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MoCI to issue 2nd set of decisions to regulate precious metals sector

E-record aims to fight money laundering

KUWAIT CITY, July 15: The Ministry of Commerce and Industry (MoCI) is preparing to issue a second set of decisions to regulate the precious metals sector, including requiring gold and jewelry shops to create an electronic record, reports Al-Rai daily quoting related sources.

The sources pointed out that the idea of the electronic record is to disclose in detail the names of corporate clients, the sales movement of each customer, the volume of purchases, and the number of times precious metals are bought, indicating the quantities bought, and of course oblige the customer to sign the ‘know your customers’ source of funds.

The sources pointed out that the ministry’s action in this regard coincides with the global and local procedures that regulate anti-money laundering operations and the financing of terrorism.

The ministry pointed out it will link the adoption of the electronic registry with the renewal of gold shop licenses. The sources said that the existence of an electronic record showing the purchases and identities of dealers in precious metals, will contribute to clean the gold market significantly from any suspicious operations, especially as the application of this procedure requires an increase in the number of checks conducted by the assignee on the data of their customers.

The processes that are carried out, and ensure that they are consistent with the identity of the real trader and his true financial solvency. In a related context, sources learned that after the traders of precious metals are obliged to announce the prices of the factories in their shops, the ministry is seeking to standardize the selling prices of gold before the calculation of making charges (workmanship) in all shops, after having detected a difference in prices of up to about 300 fils per gram.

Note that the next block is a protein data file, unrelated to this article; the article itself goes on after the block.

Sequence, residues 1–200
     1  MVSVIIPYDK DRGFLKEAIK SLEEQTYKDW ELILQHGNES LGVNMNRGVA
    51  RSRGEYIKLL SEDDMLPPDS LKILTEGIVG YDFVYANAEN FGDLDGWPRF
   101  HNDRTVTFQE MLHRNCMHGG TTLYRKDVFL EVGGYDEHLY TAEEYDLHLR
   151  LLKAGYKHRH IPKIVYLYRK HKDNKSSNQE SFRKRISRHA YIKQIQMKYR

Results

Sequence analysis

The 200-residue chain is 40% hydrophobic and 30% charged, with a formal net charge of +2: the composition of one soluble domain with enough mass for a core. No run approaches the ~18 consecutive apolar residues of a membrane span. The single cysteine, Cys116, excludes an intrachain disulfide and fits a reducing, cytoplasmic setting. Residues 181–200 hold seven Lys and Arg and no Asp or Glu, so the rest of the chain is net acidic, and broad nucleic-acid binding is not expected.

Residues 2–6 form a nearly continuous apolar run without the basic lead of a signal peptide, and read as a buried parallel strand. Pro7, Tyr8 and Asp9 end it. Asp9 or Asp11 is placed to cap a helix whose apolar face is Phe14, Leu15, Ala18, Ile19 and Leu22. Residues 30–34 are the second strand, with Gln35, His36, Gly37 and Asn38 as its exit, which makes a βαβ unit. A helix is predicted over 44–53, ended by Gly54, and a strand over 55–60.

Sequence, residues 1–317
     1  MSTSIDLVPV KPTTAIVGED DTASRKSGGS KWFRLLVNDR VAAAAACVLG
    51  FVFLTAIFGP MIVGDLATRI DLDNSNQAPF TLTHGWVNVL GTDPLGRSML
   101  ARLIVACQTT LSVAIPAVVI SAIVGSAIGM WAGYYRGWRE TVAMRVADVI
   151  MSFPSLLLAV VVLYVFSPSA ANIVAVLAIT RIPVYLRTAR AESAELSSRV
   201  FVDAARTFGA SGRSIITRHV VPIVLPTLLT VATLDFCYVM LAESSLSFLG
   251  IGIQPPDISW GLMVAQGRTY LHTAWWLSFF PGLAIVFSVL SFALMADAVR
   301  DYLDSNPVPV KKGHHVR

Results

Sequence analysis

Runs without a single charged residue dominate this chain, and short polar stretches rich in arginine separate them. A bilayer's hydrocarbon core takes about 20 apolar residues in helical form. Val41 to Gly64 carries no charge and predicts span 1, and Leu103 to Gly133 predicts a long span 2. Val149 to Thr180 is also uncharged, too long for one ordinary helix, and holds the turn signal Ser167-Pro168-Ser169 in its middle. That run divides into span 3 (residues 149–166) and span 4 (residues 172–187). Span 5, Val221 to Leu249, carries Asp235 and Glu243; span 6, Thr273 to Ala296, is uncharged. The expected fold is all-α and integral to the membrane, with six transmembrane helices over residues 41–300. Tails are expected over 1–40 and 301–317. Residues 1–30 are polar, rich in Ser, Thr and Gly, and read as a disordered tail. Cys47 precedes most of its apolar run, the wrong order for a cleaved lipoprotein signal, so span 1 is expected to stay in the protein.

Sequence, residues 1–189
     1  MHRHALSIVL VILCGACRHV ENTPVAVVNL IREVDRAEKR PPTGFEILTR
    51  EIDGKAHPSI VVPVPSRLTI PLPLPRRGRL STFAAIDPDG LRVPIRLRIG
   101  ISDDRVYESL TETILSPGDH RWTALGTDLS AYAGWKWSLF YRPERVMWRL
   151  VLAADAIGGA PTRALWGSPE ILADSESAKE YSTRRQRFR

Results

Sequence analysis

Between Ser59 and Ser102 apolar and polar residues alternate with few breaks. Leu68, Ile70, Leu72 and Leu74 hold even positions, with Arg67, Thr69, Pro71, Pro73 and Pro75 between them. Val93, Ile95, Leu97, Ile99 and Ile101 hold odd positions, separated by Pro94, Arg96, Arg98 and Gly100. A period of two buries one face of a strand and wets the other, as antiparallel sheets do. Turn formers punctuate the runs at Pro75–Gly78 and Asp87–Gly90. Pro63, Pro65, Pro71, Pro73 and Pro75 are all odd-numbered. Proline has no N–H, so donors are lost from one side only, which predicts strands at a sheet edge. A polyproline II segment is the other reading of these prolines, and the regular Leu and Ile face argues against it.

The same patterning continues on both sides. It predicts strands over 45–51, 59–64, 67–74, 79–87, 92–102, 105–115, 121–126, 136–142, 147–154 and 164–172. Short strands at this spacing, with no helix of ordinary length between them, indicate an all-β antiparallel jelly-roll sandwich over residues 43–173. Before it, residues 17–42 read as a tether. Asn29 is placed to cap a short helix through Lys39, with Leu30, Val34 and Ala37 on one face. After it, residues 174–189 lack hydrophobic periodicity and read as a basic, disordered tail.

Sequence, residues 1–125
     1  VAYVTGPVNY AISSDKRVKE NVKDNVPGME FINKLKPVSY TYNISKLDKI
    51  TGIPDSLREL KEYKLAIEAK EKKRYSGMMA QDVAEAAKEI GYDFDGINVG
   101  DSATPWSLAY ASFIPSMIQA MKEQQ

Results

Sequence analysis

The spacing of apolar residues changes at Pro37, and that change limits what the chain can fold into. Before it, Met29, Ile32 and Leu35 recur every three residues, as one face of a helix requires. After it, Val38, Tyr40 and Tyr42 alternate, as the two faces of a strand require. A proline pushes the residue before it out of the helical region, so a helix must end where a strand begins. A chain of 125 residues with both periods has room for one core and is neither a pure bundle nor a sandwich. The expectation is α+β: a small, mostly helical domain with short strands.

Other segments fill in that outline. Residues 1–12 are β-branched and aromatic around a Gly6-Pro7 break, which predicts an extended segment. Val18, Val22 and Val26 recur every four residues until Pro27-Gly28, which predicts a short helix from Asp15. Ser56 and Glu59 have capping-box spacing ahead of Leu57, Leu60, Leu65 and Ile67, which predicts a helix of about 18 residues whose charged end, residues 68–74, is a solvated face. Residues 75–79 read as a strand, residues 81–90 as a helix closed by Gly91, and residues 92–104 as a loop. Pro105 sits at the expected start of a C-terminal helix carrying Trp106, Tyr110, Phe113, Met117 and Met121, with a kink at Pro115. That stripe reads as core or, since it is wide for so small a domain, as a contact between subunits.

The sources pointed out that the ministry recently reviewed with officials in the sector its dissatisfaction with the existence of more than one price of gold, pointing out that this discrepancy may expose the consumer to commercial fraud when buying precious metals, stressing the keenness to set a uniform daily price for the sale of gold in all shops.

Gold prices may see some slight variation in the price of various calibers as they are subject to the supply and demand mechanism, which changes with the rise or fall of the global market, and directly linked to the dollar prices in the parallel market of the dollar and the banking market.

The variation in prices is because each place determines its prices based on the prices of a particular international stock exchange, pointing out that the changes recorded between these exchanges lead to the presence of more than one price in the local market.

In contrast to this discrepancy, the ministry suggested that the price of gold be determined domestically by setting a daily average that combines the announced prices of the largest international gold exchanges, specifically the Tokyo, London and Dubai bourses, adding 50 dinars per kilo of gold, to the proposed premium, and then set a uniform price for the sale of gold on a daily basis.

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